Nevertheless, hope of peace is concurrently rehabilitated by India through inviting ULFA for tripartite meeting with the official of Ministry of Home Affairs, India.

It is also believed that the victorious regional party like Naga People’s Front in Nagaland would work as catalyst to maintain peace and ceasefire in Naga populated areas. Such progress of peace and settlement would further open a window to re-open the Ledo Road.  

Physical conditions

Technical problems in connectivity from India to China through Bangladesh and Northeast India have also been an important area of concern.

The whole region has both natural and operational impediments affecting the technological specifications of infrastructure in place. Natural impediments are rivers and mountains such as Himalayan ranges, Chin Hills and Shan Hills.

Generally rivers, in the region, emanate from Chinese side and meets Indian Ocean. Major rivers are Brahmaputra/Jamuna in Bangladesh, Irrawaddy, Mekong and Salween.

Road connectivity from India to China needs bridges on these rivers across both the terrains of plain and mountains. The loadability and technical specifications of bridges are therefore devising the physical conditions of infrastructure which created different technological platforms.

Mountains on the other hand have negative impacts on speed of vehicles. It is therefore, traveling through mountain ranges becomes costly translating higher travel cost and thereby trade cost as well.

This is also a fact that in comparison to other trade routes, trade through Ledo road would not be a costly deal for business. However, the different technical standards and specifications owing to natural impediments would result in transshipment at border points.

Therefore, conditions creating different technological standards have also been spoken at different forums. In order to facilitate connectivity, presence of different traffic load norms, operational standards, driving norms and customs examinations regimes, amongst others, need to be addressed.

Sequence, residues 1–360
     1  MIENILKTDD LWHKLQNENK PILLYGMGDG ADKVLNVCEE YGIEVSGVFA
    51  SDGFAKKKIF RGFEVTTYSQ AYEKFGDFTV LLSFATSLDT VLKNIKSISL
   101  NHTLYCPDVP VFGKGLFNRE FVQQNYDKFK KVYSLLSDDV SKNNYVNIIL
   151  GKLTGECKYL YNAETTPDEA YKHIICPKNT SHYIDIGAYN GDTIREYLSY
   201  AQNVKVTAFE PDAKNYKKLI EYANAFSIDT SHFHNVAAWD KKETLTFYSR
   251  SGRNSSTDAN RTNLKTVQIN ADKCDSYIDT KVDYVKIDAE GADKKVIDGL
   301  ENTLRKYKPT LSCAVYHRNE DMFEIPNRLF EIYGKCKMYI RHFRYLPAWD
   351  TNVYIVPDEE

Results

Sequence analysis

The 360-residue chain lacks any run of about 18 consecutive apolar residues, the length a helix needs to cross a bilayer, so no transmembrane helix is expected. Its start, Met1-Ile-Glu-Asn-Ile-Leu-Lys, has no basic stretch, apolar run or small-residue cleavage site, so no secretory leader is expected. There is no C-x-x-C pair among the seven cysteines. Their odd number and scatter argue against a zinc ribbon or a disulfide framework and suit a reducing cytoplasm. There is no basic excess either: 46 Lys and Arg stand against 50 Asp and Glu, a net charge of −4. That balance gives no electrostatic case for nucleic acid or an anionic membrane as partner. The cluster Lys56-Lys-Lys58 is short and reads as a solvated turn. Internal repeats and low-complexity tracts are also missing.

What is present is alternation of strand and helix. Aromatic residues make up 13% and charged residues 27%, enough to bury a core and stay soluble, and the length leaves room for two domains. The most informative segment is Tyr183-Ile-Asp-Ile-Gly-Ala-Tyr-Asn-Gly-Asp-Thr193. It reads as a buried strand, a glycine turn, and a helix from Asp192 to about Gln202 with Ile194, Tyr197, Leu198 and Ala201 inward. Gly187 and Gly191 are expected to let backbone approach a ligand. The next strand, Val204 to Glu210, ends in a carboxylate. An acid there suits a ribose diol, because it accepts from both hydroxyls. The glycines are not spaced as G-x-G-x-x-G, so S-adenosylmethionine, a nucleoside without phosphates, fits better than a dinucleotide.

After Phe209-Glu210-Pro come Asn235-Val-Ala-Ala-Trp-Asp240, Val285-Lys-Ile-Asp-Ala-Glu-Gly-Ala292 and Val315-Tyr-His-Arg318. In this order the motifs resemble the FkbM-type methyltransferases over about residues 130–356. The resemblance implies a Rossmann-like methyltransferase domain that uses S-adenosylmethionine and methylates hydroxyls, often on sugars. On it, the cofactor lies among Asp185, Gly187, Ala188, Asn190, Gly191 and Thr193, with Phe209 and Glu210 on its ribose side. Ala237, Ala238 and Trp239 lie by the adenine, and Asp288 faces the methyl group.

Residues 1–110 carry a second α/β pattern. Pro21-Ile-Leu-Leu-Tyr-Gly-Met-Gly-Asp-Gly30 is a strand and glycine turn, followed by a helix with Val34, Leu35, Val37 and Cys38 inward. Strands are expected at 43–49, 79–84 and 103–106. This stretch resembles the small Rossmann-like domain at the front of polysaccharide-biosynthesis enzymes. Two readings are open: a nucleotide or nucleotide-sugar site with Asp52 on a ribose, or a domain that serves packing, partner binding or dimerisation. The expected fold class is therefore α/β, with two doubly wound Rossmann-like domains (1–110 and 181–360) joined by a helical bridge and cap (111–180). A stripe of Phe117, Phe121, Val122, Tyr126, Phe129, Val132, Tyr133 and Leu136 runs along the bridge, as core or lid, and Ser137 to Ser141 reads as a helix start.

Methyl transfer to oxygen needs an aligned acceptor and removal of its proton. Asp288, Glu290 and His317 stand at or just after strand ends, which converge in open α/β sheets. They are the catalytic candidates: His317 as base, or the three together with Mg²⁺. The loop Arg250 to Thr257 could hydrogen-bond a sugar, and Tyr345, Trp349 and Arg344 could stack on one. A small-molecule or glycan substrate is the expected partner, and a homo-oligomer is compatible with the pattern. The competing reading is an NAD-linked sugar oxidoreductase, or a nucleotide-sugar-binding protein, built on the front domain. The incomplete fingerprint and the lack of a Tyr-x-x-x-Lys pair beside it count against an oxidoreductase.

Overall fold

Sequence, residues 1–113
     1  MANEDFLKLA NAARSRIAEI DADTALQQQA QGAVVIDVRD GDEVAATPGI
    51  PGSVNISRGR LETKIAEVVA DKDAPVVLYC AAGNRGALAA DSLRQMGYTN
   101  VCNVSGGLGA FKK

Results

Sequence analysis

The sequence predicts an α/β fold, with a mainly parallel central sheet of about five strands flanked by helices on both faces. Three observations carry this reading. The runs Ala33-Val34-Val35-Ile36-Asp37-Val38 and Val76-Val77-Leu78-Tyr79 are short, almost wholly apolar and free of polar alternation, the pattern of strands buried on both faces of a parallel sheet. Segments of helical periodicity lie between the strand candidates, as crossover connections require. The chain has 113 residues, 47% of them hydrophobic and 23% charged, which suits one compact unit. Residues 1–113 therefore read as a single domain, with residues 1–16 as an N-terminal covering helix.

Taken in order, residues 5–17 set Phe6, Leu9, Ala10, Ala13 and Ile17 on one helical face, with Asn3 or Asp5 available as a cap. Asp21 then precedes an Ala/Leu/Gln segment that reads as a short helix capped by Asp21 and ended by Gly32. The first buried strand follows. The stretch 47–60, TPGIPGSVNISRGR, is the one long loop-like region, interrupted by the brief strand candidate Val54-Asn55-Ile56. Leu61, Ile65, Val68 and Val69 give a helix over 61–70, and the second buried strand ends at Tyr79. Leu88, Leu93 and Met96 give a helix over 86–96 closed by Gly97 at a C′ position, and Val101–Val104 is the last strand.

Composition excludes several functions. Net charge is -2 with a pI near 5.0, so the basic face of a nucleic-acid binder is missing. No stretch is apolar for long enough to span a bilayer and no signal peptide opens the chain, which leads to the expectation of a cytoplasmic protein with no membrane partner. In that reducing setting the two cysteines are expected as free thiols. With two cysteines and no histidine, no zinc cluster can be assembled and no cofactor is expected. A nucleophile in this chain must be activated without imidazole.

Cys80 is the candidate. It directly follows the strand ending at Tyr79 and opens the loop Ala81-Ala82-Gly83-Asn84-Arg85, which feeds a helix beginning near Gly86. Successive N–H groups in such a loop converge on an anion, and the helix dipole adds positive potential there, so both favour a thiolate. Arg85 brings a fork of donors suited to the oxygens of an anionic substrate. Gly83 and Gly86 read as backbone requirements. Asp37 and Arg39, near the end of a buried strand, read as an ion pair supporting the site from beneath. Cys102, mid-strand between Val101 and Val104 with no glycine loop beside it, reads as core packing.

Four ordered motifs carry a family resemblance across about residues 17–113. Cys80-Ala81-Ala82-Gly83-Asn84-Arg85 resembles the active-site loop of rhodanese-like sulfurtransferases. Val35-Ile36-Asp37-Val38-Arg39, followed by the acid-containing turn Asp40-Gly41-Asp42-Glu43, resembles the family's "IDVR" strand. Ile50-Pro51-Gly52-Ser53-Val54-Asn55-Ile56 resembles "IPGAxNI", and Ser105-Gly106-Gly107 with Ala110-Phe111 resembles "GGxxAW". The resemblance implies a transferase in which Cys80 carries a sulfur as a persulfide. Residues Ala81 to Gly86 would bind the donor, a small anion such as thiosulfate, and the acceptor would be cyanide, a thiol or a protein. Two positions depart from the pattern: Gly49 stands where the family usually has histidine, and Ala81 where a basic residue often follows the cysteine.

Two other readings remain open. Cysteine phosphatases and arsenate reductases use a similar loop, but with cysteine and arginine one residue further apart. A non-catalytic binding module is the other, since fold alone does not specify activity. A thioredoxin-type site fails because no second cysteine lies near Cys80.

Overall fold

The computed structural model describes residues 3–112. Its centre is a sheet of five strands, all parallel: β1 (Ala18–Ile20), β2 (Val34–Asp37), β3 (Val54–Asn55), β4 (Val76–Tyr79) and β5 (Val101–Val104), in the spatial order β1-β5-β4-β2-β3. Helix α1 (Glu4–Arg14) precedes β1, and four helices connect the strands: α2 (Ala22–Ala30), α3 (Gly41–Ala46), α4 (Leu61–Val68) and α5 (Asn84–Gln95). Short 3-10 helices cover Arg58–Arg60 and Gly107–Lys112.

These factors have potential to prevent seamless border trade. In addition, transit from Bangladesh has always been the main deterrent to such proposals.

On Ledo road, the condition is not compatible for the movement of both passenger and freight traffic. Particularly on the Indian side from Jairampur in Changlang district to Panshau pass, the road condition is dangerous and needs utmost attention for any initiative related to connectivity passing through the road.

Under the above scenario, the BCIM connectivity via Ledo road remains far from reality. In the meantime India has launched Trans Arunachal connectivity project known as Trans Arunachal Highway.

The project is likely to connect the 11 district headquarters of the state with two lanes roads.  The project has accommodated bridges across Brahmaputra River in Assam to connect Arunachal Pradesh with main land roads.

Of course, the project is underway. This project has the potential to integrate the region and to further initiatives relevant to India’s Look East policy.

India’s vision for Look East Policy has started accommodating Northeastern region for facilitating connectivity from India to ASEAN.

As a result of gradual development process of infrastructure facilities in Northeast India, the skeptical ethos for Northeast in New Delhi has also been outshined by the idea of Asian regionalism.

Some of the proponents of Look East Policy have also coined the idea of “Looking East through Northeast”. This perspective, of course, has prospects which can lead to the revival of Ledo road.


Benefits from the ongoing projects in Arunachal Pradesh may be drawn for Northeast India as well as for traders in the main land. In case the connectivity through Ledo road is in place subject to the completion of the roads in Arunachal, trade can happen at lower transport cost.

One possibility would be multi-modal transport facilities through improving connectivity of railways to Tinsukia. It can also be an alternate for BCIM connectivity. Upto Tinsukia, railway can serve connecting mode and thereafter the Ledo road can be used for trade.

Another option is Inland Water Transport (IWT) for trade through Ledo Road. Upto Sadiya, IWT protocol route from India via Bangladesh can serve a potential and cost effective route. However, IWT has not received due attention for developing a multimodal transport route in this region.

Moreover, the related technological paradigms also need to be harmonized. Bangladesh and India have to play a major role in materialising these goals.

Similarly, the ardor pursuance by Myanmar for connectivity projects would help evolve the idea of BCIM connectivity and revive the famous Stilwell Road. This would be exemplary in enhancing economic integration through regional connectivity initiatives.

(The author is Research Fellow at Asian Institute of Transport Development, New Delhi.)